There is little information on the regiment flags used during the reigns of Louis XIII (r. 1610-1643) and Louis XIV (r. 1643-1715) [2]. These flags are indeed shown on several paintings, but without captions.

Most available information on the infantry flags is related to the reigns of Louis XV (r. 1715-1774) and Louis XVI (r. 1774-1792).
In 1721, the Ministry of War ordered the design of colour plates showing the infantry flags (Drapeaux de l'infanterie tant française qu'étrangère, au service de la France, 1721; 1724, by d'Hermand - French National Library) and uniforms of the French army. The retired officer Lemau de la Jaisse used these charts as a source for flag plates added to his Carte générale de la monarchie, released in Paris in 1733. Lemeau published seven supplements (Abrégé de la carte du militaire de la France) until 1741, where he documented the changes in the flags. Sometimes between 1741 and 1757, the Ministry of War published its own plates of flags (Collection des drapeaux de l'infanterie française), which were updated until 1776. Chaligny published in 1771 his famous chart.
In 1740, there were 98 French and 22 foreign regiments. In 1749, d'Argenson kept only 80 of the French regiments. Duke de Choiseul (1719-1785) completely reformed the infantry in 1762, keeping only 65 regiments. In 1776, several regiments were divided in two and the total number of regiments increased to 107.

The ordonnance flags were often designed on the model of the old regiments' flags, that is a white cross on a coloured background. Some flags (in 1771) had a semy of yellow fleurs-de-lis on the cross [3] (Navarre, Le Roi, Royal, La Reine, Royal-Vaisseaux, Royal-Roussillon, Royal-Marine). Champagn had a white saltire [4], whereas Bourgogne and Royal-Comtois had the Burgundian red cross [5]. A few flags had both the white cross and a coloured saltire (Boulonnais, Forez).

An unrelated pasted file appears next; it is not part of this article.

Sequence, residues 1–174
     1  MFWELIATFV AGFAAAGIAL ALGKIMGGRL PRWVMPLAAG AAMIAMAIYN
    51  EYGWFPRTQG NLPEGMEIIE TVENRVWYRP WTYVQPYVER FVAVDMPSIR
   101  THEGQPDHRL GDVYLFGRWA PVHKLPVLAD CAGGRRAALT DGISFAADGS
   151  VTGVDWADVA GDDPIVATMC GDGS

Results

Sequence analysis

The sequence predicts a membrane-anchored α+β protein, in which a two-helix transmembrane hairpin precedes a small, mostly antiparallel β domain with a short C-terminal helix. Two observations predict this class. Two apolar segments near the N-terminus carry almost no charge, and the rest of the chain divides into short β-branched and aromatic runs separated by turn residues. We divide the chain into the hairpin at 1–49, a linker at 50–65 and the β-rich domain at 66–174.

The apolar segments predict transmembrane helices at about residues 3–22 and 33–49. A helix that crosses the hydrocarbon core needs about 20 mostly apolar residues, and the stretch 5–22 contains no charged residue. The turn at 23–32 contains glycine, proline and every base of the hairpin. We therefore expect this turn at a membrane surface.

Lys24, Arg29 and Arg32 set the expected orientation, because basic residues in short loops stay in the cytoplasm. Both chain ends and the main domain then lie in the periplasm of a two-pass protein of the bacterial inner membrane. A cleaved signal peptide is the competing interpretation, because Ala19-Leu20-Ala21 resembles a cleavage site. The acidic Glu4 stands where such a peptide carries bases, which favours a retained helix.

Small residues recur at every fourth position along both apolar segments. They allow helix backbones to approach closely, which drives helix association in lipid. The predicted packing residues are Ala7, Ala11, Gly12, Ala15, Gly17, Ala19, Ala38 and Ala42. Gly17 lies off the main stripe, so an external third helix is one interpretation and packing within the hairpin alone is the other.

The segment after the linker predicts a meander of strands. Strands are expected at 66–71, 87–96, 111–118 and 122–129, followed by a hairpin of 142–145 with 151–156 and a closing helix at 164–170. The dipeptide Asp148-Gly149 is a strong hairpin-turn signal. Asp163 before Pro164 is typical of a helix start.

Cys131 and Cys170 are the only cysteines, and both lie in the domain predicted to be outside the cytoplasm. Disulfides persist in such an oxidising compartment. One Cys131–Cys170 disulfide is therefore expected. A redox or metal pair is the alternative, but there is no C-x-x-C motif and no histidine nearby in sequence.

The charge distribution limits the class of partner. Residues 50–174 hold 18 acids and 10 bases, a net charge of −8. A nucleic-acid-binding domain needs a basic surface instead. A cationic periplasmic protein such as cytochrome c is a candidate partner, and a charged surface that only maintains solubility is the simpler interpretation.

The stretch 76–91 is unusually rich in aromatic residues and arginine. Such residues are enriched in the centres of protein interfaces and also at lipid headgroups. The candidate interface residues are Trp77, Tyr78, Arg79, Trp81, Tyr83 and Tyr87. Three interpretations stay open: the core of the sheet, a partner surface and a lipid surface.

The arms of France were used only by La Reine. Le Dauphin showed a shield quartered France and Dauphiné, whereas Navarre, Bretagne and Lorraine kept their own arms on the flag [6].
Penthièvre had anchors [7] and Royal-Vaisseaux had a vessel [8]. A crown was placed in the middle of the cross of La Couronne and Lorraine.
The Swiss regiments had a white cross on a flamed background. Most Irish regiments has a red St. Patrick's cross bordered in white [9].

Like the ordonnance flags, the Colonel's flags were charged with crosses, flames, fesses etc... shown white on white with sewings [10]. Some flags were charged with additional emblems such as (in 1771) yellow fleur-de-lis (Le Roi, Royal, Royal-Roussillon, Bourgogne, Royal-Marine, the artillery regiments, Royal-Italien, Royal-Comtois, Jenner, Royal-Corse and Lochmann), coat of arms (Navarre, Le Dauphin, La Reine, Bretagne, Bouillon, Eptingen) or mottos (Anhalt, La Marck, Royal-Suédois, Royal-Deux-Ponts).


  • G. Desjardins - Recherches sur les drapeaux de France (1874) [djg74]
  • L. Mouillard - Armée française. Les régiments sous Louis XV (1882)
  • P. de Biéville - Les drapeaux dans l'armée française. A series of articles published in the bulletins of Club Français de la Figurine Historique from 1972 to 1974, with additions by M. Mazzoleni
  • Liliane and Fred Funcken - Historische Uniformen, Orbis (1997)

Ivan Sache, 9 March 2006

Notes and additions

[1] This was because there had been a move in the later part of Louis XIV's reign to reduce the number of regiments des gentilhommes, and replace them with, or rename them as, provincial regiments.

[2] There are manuscripts in the Invalides Library which show the colours under Louis XIV, the du Vivier album for example. They remain unpublished, but are included in Charrié (Drapeaux et étendards du roi, Le Léopard d'Or, Paris, 1989 [chrXX]) and in Vexillologie militaire européenne.

[3] The fleurs-de-lis appeared on the crosses of regiments named "Royal..." or with some other close Royal connection.

[4] Only one source, of 1772, gives a saltire for Champagne - all the other sources stick with the ordinary cross, so I suspect it is incorrect.

[5] Bourgogne and Royal-Comtois bore the Burgundian cross because they were named after former Burgundian territories, outside the boundaries of France.

[6] Royal-Lorraine (raised in 1776) bore the eagles from the provincial arms on the cross, not the arms themselves, and then they were in gold not silver (the older regiment, simply called Lorraine, disbanded in 1762, did not bear any extra devices of this kind).

[7] Penthièvre bore anchors because the duke was an Admiral of France (I think).

[8] Royal Vaisseaux bore a ship because it was originally raised to serve with the fleet as marines.

[9] Only one Irish regiment, Fitzjames, bore a red saltire, the others bore a red St. George's cross (even then, Fitzjames also had the St George's cross, giving an Union Jack effect to the flag); the Scottish regiments all carried colours based on St. Andrew's flag.

[10] In general, the devices which appeared on the cross of the ordonnance also appeared on the cross of the colonel's colour.

Ian Sumner, 8 March 2006